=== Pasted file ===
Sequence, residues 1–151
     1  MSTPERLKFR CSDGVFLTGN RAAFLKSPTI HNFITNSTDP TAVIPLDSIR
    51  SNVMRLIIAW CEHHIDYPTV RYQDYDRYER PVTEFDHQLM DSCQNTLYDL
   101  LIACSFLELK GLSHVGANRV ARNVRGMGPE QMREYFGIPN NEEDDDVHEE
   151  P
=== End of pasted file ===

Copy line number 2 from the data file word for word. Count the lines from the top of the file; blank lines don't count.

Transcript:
     1  MSTPERLKFR CSDGVFLTGN RAAFLKSPTI HNFITNSTDP TAVIPLDSIR